Who says you can’t go home again? We may try to relive a time of our lives, but people, places, and experiences evolve, and memory is not always accurate.
Of course things change, they never stay the same, like the Morgan Library. It’s now called the Morgan Library and Museum. It’s not just a repository of J.P. Morgan’s collection of rare books, like his three Gutenberg Bibles and inspiring original manuscripts with handwritten corrections and plot notes of writers like Charles Dickens, Jane Austen, and Mark Twain. It’s more than that.
The Morgan is a proper museum now, with exhibitions like the one not long ago of drawings from the Louvre and a show of Ingres drawings from the Morgan’s own collection. There are lectures, films, and chamber music concerts held on a regular schedule.
There are physical changes to the Morgan as well. It has a new glass core addition designed by the world-famous architect Renzo Piano that effortlessly joins the two original mid-1800s brownstones. The addition provides plenty of space for a wall honoring benefactors and corporate donors, an open cafe, a redesigned, more formal restaurant, more exhibition space, as well as climate-controlled storage for rare books and paintings. The gray glass blends seamlessly with the soft Tennessee marble, soldering the new and the old. The glass elevator takes me on a journey to heaven and Hades.
I took a docent-led tour of an institution I knew very well, having lived a couple of blocks away for many years. I used to drop in at the Morgan on my way home from work for a quick culture fix. The Morgan in those days was never crowded, just a few older people peering into glass cases, admiring the collection of seals from Mesopotamia, reading the titles etched in gold on the leather-bound volumes in the library. The Morgan was the transition from my job as an art director to my role as wife and mother. There was a quiet you could hear in the majestic rooms. I could have a few minutes of contemplative thought among beautiful and rare objects before I dived into dinner preparation and homework supervision.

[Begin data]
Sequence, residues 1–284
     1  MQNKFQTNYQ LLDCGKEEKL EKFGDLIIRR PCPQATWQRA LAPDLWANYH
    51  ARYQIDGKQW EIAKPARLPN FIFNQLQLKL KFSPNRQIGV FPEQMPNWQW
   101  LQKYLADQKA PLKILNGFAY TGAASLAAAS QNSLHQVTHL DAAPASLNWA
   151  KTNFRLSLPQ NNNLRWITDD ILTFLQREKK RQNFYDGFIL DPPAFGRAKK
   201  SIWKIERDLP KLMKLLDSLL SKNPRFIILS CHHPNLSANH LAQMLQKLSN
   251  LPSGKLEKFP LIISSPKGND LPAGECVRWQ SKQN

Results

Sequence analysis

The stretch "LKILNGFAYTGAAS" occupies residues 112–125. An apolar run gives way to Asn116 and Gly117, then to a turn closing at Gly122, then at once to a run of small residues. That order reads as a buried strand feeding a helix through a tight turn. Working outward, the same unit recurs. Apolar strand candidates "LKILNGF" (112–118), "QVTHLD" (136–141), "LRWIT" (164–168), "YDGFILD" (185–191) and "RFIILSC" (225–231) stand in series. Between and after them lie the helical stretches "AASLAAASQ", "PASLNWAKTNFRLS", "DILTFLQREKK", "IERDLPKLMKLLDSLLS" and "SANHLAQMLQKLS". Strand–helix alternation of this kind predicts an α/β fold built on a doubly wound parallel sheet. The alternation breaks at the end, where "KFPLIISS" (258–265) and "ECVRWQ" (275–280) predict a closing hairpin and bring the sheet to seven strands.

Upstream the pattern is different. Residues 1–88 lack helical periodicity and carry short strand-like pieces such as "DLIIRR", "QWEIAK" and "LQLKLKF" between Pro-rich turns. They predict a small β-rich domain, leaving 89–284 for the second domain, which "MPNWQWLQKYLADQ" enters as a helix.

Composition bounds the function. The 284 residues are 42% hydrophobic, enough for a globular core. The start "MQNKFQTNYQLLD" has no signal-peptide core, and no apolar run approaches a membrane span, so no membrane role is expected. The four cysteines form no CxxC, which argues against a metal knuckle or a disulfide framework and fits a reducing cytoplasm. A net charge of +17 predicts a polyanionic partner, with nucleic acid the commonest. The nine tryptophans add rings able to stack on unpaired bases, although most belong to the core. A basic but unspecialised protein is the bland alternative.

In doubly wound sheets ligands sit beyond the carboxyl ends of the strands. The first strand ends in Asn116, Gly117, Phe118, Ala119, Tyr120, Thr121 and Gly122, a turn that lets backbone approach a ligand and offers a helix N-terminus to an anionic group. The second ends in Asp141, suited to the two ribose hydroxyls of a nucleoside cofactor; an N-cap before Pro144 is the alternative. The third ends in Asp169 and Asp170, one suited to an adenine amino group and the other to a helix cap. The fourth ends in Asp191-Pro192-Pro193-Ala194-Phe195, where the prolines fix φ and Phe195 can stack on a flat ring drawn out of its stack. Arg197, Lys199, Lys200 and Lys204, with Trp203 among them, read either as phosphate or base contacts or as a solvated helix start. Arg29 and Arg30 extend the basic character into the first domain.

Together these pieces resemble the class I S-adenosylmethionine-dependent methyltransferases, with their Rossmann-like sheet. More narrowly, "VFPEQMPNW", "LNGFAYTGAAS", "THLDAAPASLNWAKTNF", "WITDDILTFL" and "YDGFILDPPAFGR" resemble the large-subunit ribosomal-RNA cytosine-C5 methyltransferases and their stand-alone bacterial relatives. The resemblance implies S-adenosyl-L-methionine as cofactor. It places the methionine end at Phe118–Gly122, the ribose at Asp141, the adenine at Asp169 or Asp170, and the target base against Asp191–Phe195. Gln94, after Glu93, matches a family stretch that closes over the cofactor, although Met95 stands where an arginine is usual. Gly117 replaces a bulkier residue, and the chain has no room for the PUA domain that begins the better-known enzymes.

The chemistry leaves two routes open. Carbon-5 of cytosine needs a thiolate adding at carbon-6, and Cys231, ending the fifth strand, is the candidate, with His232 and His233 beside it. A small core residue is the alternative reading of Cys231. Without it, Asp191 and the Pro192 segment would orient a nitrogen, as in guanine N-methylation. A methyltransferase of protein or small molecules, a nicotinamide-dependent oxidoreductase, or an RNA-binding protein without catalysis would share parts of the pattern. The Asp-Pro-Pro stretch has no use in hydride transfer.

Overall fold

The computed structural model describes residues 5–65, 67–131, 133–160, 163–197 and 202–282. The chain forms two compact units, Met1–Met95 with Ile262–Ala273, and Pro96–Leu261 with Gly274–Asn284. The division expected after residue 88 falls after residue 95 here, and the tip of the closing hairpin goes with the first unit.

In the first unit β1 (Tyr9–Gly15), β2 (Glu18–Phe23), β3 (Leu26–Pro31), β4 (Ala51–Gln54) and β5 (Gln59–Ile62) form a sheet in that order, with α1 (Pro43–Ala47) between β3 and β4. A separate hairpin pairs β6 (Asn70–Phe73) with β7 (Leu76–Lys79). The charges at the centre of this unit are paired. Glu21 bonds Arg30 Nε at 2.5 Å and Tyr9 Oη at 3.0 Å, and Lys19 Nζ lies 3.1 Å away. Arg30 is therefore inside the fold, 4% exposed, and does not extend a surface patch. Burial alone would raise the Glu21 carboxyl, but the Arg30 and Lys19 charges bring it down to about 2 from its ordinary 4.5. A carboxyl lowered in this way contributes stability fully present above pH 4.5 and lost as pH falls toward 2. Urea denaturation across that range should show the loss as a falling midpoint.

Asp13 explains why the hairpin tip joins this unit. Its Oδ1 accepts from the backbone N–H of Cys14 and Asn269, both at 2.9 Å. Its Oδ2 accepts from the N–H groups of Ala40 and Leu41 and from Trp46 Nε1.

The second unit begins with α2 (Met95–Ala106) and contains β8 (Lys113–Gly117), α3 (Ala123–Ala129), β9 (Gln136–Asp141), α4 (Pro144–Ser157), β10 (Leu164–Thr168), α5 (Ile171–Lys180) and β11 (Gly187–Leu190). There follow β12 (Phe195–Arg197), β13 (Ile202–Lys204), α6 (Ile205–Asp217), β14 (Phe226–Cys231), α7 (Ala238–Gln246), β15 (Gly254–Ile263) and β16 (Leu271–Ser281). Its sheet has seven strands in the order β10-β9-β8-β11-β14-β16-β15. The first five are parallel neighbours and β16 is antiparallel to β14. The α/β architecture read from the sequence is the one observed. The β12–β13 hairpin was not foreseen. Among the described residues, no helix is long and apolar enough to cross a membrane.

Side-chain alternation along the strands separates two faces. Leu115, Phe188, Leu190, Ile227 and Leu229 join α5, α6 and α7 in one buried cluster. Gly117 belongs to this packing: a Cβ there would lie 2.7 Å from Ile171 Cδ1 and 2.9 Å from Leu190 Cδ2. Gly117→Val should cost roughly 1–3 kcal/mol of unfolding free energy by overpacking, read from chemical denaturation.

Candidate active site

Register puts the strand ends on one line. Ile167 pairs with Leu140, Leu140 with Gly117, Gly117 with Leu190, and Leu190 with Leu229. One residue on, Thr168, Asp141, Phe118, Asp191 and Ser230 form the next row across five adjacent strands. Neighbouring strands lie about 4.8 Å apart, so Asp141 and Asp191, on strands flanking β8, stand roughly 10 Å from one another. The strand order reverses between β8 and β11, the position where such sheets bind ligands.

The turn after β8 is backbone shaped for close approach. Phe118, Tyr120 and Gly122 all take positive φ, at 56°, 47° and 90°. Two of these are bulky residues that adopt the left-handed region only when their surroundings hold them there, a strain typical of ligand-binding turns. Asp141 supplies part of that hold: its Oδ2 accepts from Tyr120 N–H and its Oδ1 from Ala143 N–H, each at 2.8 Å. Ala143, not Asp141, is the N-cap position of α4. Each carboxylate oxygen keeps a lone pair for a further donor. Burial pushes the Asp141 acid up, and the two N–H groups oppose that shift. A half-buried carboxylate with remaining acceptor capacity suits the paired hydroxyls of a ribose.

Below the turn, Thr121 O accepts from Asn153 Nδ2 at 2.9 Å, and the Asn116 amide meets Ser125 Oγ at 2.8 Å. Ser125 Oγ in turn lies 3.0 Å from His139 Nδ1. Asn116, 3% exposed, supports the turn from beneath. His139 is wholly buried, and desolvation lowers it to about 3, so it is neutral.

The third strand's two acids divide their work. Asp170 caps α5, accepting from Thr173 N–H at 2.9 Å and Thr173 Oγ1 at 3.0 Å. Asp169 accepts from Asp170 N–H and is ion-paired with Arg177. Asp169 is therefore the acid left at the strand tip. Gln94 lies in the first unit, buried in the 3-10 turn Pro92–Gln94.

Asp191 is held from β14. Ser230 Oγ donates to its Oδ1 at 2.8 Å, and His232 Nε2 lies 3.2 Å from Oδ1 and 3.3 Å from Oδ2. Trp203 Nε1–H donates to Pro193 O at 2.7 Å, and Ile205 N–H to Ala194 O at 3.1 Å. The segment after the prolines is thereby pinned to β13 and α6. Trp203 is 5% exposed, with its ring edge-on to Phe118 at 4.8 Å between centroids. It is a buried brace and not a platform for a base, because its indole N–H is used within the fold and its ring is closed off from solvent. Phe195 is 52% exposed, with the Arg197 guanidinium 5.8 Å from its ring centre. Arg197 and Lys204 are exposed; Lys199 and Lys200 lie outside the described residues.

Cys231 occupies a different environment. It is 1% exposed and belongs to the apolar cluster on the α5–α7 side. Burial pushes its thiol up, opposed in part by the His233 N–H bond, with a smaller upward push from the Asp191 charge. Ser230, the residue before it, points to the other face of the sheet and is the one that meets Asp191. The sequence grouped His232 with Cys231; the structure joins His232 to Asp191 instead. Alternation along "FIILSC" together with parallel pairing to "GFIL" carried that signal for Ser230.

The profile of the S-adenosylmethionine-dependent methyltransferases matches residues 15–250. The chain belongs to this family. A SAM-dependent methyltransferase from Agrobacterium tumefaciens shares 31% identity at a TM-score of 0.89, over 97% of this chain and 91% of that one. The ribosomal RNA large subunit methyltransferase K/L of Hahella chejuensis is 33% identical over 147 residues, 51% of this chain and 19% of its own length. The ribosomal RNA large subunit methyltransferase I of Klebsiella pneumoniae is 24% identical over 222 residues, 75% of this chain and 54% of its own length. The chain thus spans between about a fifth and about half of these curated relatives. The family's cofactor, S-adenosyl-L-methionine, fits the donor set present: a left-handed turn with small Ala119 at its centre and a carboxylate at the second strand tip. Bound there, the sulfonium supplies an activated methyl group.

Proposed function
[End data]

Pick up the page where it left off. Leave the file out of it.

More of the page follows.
The tour lasted an hour and I learned all sorts of new things about the old robber baron. I didn’t know that he had acquired his collection in a short period of time, 20 years, with repeated shopping trips to Europe. He also sold things to other industrialists, like Henry Clay Frick, who bought his Fragonard murals. The library had been recently cleaned and the iconography of the Flemish tapestry depicting the seven deadly sins was explained in detail. The secret pulls that hid the stairs to reach the three-tiered rows of books were pointed out. The multiple levels made the library look like an elaborate wedding cake of knowledge.
One of my favorites in the museum is the John Singer Sargent portrait of J.P. Morgan’s daughter-in-law. He captured her refined beauty, her perfect posture; she was a flawless lady of her era.
But it was time for lunch. I entered the jewelbox-like restaurant and was shown to a table for four. I questioned if that was all right since I was alone and didn’t want to take up too much space. I was assured it was. My waiter of Greek and Turkish origin spoiled me with a bean cushion behind my back. Sometimes luxury is being alone with artists, ruminations, and memories.
Austere portraits in heavy gilt frames contrasted with the bright white walls and modern, lipstick-red Italian chairs. Contemporary lighting hung from the ceiling, a nice punctuation point weaving levels of architectural history. As I sat in the small dining room with plaster icing around the ceiling, I enjoyed my perfectly cooked cod, translucent with a crisp fried zucchini blossom placed artfully on top, a delicious contrast in texture to the fish. I sipped my glass of sauvignon blanc as I took in the drawings by David, Delacroix, and Prud’hon on loan from the Louvre and never seen before in the States. Prud’hon’s drawing of his fiancée, Constance Mayer, was as alive and fresh as if she were having lunch with me. A decaf cappuccino let me linger a while longer. I felt a reluctance to leave.
Ten years ago we sold the carriage house near the Morgan where we lived for almost 30 years. The person we sold it to called recently to say he had just sold it for an obscene amount of money. I congratulated him.
He’s never been to the Morgan Library and Museum.
Joanne Pateman is a regular contributor of “Guestwords.” She has an M.F.A. from Southampton College and lives in Southampton.